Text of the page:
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BY Alex GArrison
[email protected]
KU Public Safety officers
assessed the damage at $45. But
could it have been much more?
After an incident of vandal-
ism late at night in Learned Hall
earlier this month, some students
are questioning the School of
Engineering’s policy of keeping
the building unlocked at all times,
saying it could result in students
losing hours of work and thou-
sands of dollars of equipment.
The school says it hasn’t
received complaints from stu-
dents or faculty, and that the
individual keypad system on
labs with dangerous materials or
especially expensive equipment is
enough precaution.
During the incident in ques-
tion, two 20-year-old students
stole a fire extinguisher and dis-
charged an emergency shower
across the hall from a locked
lab in the early hours of April 9,
according to police reports. The
students were arrested, clearing
the case, but the aerospace engi-
neering students whose semester-
long project sat near the shower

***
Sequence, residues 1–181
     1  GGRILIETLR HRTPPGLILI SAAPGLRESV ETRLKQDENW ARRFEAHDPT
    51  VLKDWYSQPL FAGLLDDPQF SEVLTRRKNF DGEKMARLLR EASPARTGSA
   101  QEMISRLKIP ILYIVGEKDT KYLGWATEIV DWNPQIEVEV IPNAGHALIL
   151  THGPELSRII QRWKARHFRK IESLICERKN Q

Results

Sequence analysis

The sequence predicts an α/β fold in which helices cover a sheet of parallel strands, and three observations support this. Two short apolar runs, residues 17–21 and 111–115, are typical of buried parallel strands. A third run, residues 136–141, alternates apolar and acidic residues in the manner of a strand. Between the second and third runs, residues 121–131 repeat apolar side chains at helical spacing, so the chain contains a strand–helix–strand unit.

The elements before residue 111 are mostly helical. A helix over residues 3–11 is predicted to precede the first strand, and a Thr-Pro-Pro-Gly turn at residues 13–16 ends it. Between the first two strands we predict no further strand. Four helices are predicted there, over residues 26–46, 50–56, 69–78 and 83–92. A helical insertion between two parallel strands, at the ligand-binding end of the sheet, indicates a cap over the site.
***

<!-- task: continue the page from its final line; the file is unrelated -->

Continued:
remain concerned.
Jacob Lynn, a senior from
Houston, drafted a letter to The
Kansan raising the issue of non-
engineering students walking
through the building, sometimes
at odd hours — and sometimes,
to vandalize their work.
“It’s a problem,” he said.
“Because the only reason our work
wasn’t ruined is that there was
someone to turn off the shower.
If there hadn’t been, who knows
what could have happened.”
The shower stands outside the
lab and is there to protect from
chemical exposure. Once it starts
flowing, water gushes out at about
50 gallons per minute — enough
force and volume to flood and
damage equipment.
And it’s been discharged by an
outsider before, during last year’s
Engineering Expo, said Glen
Marotz, associate dean in the
school. But he says that’s why the
school spent thousands of dollars